New York Miniaturist Interview
Posted on 30 May 2006. © Copyright 2004-2014David Bruce
CT talks to Erik Carlson from the New York Miniaturist
Ensemble, a group that only plays music with 100 notes or fewer. |
Tell us something about your background.
New York Miniaturist Ensemble
The ensemble was founded in 2004 by graduates of the Juilliard School. We've premiered works by over 100 composers from around the world. We receive most of
the music we play through an open call for scores that is managed through our website.
What's the idea behind the New York Miniaturist Ensemble?
The ensemble is dedicated to the performance of music composed of 100 notes or fewer. In each concert we present anywhere from 10 - 30 works by as many
composers. The styles and aesthetics of the pieces are extremely diverse, but each piece carries a concentration of idea and essence that is very powerful. People have likened our perfermances to collections of musical haiku.
Is the group a gimmick or is there a serious artist reason behind the idea?
The music speaks for itself. We have performed hundereds of works, and the 100 note limit remains extremely interesting to me because it leads composers to a profound level of focus and expressive power which I feel is unique and exciting.
What excites you about a piece of music - what keeps you interested?
There are as many answers to that as there are pieces of music. Each piece carries its own set of thoughts, questions, answers, emotions, rules, gestures,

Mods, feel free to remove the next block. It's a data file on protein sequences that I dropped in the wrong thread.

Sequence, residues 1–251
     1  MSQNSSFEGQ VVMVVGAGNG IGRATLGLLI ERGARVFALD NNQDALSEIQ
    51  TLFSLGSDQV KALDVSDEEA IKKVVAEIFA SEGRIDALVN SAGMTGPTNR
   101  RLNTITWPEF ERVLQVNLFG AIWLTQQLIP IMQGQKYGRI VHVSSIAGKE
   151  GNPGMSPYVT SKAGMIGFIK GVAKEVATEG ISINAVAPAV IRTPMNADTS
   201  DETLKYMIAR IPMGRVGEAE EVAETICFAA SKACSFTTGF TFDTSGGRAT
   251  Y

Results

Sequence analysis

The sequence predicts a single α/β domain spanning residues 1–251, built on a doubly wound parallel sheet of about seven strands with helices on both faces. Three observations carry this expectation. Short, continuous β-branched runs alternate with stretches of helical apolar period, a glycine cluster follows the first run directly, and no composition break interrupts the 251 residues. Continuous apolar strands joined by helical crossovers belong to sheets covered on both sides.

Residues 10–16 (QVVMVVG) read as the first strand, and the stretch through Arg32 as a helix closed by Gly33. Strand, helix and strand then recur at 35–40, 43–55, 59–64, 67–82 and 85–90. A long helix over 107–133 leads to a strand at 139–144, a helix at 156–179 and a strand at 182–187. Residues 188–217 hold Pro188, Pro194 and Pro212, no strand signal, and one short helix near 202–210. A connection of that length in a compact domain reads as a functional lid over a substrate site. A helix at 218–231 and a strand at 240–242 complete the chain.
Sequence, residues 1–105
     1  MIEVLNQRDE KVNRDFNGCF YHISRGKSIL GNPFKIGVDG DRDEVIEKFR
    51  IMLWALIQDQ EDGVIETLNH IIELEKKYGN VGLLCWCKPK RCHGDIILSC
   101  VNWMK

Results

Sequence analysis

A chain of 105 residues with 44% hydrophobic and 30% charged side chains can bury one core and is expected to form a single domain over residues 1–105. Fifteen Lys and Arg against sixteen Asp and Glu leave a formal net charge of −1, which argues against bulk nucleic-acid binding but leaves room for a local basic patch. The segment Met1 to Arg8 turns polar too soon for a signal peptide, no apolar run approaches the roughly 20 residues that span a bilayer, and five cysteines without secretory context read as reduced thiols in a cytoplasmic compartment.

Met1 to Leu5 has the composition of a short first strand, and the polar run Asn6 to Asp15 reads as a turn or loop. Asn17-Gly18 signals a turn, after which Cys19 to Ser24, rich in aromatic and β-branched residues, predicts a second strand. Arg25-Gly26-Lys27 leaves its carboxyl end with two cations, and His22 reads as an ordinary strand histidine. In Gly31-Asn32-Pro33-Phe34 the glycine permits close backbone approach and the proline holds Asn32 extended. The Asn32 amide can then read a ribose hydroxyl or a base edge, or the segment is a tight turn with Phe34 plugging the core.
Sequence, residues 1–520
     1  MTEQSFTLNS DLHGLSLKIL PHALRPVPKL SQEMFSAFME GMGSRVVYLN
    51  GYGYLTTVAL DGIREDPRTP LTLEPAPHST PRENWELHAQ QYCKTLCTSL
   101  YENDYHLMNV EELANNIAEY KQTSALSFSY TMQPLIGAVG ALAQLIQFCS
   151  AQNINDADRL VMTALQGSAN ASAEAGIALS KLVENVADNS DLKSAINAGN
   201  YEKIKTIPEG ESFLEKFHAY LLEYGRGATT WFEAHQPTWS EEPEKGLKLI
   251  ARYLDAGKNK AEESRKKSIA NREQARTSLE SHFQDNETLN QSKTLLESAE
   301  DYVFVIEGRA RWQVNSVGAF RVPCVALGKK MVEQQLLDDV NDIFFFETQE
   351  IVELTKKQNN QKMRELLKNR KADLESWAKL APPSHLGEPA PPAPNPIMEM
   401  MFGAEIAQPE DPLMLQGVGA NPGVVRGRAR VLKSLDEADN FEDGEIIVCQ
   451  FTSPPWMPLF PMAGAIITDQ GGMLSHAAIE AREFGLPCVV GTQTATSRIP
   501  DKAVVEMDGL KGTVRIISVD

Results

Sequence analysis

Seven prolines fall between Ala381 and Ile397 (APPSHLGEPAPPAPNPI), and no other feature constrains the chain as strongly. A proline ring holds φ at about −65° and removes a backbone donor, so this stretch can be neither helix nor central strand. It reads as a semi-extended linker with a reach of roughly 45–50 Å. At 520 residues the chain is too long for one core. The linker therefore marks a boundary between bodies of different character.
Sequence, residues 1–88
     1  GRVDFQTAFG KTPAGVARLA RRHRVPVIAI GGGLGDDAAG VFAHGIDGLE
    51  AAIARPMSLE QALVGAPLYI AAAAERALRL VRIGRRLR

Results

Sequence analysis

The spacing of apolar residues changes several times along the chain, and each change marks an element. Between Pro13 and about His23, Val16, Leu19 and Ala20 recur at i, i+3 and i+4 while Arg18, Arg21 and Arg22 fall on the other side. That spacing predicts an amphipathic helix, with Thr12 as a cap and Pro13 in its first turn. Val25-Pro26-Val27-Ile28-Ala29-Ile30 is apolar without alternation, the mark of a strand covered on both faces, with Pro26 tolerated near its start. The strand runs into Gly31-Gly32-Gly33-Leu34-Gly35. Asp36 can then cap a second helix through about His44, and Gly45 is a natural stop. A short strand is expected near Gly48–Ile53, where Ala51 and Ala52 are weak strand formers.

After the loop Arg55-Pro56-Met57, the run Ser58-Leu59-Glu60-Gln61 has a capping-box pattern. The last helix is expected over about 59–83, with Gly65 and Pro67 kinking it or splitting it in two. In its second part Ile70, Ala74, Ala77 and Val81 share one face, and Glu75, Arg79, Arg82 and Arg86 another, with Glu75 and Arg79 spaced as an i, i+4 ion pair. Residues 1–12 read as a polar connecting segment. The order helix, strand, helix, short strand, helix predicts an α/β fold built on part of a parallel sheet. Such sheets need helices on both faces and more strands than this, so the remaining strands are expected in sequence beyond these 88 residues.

associations, etc. One of the challenges of music in general and the New York Miniaturist Ensemble specifically is trying to understand each new piece and to internalize it on its own terms. In our concerts there can be up to 30 pieces, which can make one feel a little crazy, but it's also exhilarating.
What do you see as the role (intended and actual) of new music in the modern world?
That is a difficult question to answer. More interesting than my personal opinions about the role of new music are the diverse thoughts of the composers
who write for us. I have spoken at length with many of them, and it always impresses me how composers not only have different ideas of aesthetics and sound, but diverse philosophies on the purpose of music and on the role and the future of music. I love that the ensemble can take on a wide range of world views and present them together to an audience.
What are your plans for the future?
We have simple plans: more concerts, more music. We are in the process of arranging two tours to Europe and some specialized performances, such as a series of 100-notes operas and miniature silent film scores.
How can people find out more about you?
People can find out more about us on our website,
Interview by David Bruce © Copyright 2004-2014
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